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Studies dispel common myths about inactivated vaccines

Dennis Hermesch Published on 01 April 2011

Viral immunology is not a good conversation starter for most of us. We gravitate to subjects like feed costs, weather patterns and sports to spark an engaging conversation.

But these days, veterinary experts who specialize in studying immunology – and how vaccines work to fight off viral infections like BVD – are more excited than ever to talk about disease prevention.

“In the scientific community, our knowledge base on immunology is doubling every three to five years,” said Elliot Stevens, MS, DVM, Ph.D., a veterinary medicine research specialist with Rural Technologies in Brookings, S.D.

“That’s really an incredible pace if you stop and think about it. We’re light years ahead of where we were as recently as the 1990s.”

What hasn’t kept pace with advances in viral immunology, however, is communication with producers to explain how modern vaccines work to prevent cattle diseases.

Consequently, some long-held misconceptions about vaccines still linger. One of the most common beliefs held over from the 1990s is that inactivated, or killed, vaccines aren’t as effective as modified-live vaccines.

To provide the most effective immune response against viral diseases such as BVD, IBR and BRSV, a vaccine needs to produce two distinct types of immunity – humoral and cell-mediated.

“The old belief was that inactivated vaccines did not provide as strong a cell-mediated immune response as modified-lives,” said Stevens. “That may have been true 25 years ago, but it’s woefully outdated and inaccurate today.”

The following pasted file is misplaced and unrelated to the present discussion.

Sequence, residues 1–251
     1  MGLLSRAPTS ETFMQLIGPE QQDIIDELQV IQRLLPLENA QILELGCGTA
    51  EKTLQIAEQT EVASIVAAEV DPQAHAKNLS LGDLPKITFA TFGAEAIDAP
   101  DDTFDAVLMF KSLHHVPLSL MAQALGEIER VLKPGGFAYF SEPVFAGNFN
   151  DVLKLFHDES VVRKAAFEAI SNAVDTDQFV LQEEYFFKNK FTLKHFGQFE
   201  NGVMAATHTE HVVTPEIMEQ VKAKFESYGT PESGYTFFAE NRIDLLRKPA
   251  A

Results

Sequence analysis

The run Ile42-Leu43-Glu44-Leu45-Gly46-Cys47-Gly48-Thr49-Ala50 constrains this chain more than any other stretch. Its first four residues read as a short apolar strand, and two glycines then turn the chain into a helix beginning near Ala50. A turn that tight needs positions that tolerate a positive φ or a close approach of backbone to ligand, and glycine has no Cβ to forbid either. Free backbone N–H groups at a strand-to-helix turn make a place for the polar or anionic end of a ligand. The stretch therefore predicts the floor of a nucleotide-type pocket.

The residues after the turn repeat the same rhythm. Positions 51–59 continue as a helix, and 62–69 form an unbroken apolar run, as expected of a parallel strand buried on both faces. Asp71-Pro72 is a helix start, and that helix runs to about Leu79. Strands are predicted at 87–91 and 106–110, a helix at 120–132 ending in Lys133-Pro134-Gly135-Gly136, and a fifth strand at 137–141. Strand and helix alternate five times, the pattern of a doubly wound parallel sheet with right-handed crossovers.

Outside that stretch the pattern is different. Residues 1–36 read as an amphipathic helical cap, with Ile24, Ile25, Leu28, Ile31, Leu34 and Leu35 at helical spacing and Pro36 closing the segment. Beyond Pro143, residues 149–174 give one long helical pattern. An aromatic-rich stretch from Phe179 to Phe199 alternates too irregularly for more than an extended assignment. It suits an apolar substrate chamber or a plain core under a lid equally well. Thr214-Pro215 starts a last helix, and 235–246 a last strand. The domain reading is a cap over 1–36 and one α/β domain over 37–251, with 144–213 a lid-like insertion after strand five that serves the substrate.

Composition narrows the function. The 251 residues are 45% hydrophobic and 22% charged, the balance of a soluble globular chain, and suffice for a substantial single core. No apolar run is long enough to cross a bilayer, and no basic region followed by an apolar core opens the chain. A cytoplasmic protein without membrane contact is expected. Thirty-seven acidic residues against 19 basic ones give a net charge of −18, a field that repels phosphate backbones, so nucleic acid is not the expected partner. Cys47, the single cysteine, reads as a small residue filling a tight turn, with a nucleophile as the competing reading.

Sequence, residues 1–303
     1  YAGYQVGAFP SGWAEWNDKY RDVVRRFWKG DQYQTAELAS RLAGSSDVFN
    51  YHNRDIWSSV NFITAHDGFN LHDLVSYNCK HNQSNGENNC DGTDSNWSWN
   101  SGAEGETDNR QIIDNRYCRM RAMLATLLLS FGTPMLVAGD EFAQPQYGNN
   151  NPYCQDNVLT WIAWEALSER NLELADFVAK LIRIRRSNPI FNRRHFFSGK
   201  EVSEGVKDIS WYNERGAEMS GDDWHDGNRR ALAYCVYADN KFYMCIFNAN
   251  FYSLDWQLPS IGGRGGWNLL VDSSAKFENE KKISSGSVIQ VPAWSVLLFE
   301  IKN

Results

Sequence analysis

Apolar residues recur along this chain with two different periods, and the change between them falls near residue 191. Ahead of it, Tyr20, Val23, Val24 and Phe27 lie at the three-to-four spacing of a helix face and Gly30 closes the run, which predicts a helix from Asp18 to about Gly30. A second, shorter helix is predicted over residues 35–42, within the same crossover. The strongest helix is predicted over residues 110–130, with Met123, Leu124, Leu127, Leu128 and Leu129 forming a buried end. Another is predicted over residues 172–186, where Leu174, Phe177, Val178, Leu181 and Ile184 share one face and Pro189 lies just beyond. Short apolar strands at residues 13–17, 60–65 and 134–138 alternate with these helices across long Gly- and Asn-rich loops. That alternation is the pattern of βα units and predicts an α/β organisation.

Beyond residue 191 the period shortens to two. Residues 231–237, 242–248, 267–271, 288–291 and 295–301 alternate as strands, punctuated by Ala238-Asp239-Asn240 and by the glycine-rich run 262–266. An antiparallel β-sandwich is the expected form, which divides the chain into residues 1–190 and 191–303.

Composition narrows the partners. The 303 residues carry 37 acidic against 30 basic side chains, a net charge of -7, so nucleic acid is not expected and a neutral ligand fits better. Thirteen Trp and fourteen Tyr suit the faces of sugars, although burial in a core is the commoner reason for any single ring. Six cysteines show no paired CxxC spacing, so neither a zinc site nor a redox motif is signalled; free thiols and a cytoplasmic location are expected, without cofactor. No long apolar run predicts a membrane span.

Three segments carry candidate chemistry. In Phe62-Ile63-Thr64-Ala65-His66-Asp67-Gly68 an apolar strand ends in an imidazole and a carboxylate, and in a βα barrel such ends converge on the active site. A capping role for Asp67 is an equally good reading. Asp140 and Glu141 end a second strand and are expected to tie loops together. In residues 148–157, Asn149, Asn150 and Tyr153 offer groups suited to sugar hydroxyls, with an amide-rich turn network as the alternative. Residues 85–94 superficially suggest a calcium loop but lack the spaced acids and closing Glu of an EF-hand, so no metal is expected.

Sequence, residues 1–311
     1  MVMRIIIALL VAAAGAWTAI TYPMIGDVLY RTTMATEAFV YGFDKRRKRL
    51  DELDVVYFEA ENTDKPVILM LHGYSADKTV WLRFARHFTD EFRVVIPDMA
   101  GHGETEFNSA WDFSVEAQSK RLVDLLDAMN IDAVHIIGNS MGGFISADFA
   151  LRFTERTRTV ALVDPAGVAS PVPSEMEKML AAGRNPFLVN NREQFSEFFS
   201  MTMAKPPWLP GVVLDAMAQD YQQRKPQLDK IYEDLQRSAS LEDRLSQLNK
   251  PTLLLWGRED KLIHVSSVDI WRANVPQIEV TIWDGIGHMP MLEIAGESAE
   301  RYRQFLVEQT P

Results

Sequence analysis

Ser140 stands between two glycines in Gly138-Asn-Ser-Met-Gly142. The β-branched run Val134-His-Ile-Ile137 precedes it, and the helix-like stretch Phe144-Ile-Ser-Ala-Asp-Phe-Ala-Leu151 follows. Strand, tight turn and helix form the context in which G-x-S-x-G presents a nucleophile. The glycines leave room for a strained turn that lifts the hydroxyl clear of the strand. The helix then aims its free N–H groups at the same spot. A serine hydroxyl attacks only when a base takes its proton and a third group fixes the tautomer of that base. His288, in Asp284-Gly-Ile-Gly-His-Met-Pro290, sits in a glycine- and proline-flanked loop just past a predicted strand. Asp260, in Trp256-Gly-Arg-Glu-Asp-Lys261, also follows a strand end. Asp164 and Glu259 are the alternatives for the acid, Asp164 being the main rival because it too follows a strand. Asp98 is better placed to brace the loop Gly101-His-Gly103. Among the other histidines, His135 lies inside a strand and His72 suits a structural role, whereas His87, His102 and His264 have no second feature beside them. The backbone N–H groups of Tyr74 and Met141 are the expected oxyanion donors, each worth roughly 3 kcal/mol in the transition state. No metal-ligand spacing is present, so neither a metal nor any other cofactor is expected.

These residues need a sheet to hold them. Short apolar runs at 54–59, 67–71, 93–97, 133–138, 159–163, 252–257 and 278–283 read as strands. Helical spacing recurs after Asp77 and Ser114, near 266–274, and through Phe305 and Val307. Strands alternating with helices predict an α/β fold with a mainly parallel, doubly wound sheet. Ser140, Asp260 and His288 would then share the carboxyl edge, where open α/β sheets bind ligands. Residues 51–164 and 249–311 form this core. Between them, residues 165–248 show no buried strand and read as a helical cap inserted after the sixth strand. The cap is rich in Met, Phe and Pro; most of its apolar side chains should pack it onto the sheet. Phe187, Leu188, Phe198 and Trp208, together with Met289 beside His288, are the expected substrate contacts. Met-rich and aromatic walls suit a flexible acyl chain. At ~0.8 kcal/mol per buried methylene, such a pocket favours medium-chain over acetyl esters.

Carlos Bonnot, DVM, owner of Wharton Veterinary Clinic on the Texas Gulf Coast, agrees.

“I think the perception that modified-live vaccines provide a better immune response is still out there because that’s what we’ve been told for so long,” he said. “But studies support it’s obviously not true any longer.”

Stevens co-authored one of those studies, which recently appeared in the peer-reviewed journal, Veterinary Therapeutics.

The study provides further evidence that properly adjuvanted inactivated vaccines provide a strong cell-mediated immune response, as well as a targeted humoral response, to give cattle long-lasting, reliable disease protection.

Results of the study challenge a long-held belief among many cattle industry professionals that was founded long before some of the current and most sophisticated inactivated vaccines were even on the market.

“What we found is consistent with other research that clearly shows oil-adjuvanted, inactivated vaccines provide a highly effective cell-mediated immune response,” said Stevens.

“In fact, a previous study conducted at Iowa State University found that an inactivated vaccine provided a much stronger cell-mediated immune response to BRSV than the modified-live vaccine it was compared to.

In that study, the inactivated vaccine had a tremendous advantage over the modified-live vaccine.”

Advances in viral immunology and how vaccines work to prevent common cattle diseases like BVD often start with human medicine.

Over the last two decades, much of the research surrounding human vaccines has focused on inactivated, or non-infectious, products because they are recognized as being safer than modified-lives.